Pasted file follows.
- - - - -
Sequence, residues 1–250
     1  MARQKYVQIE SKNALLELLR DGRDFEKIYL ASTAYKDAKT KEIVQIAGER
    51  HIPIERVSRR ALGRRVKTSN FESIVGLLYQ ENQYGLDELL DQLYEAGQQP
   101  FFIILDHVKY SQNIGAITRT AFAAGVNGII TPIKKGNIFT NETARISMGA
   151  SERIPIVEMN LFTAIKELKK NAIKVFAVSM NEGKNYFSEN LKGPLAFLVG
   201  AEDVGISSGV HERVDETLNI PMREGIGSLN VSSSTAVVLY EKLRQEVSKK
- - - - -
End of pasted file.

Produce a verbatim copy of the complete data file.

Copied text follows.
Sequence, residues 1–250
     1  MARQKYVQIE SKNALLELLR DGRDFEKIYL ASTAYKDAKT KEIVQIAGER
    51  HIPIERVSRR ALGRRVKTSN FESIVGLLYQ ENQYGLDELL DQLYEAGQQP
   101  FFIILDHVKY SQNIGAITRT AFAAGVNGII TPIKKGNIFT NETARISMGA
   151  SERIPIVEMN LFTAIKELKK NAIKVFAVSM NEGKNYFSEN LKGPLAFLVG
   201  AEDVGISSGV HERVDETLNI PMREGIGSLN VSSSTAVVLY EKLRQEVSKK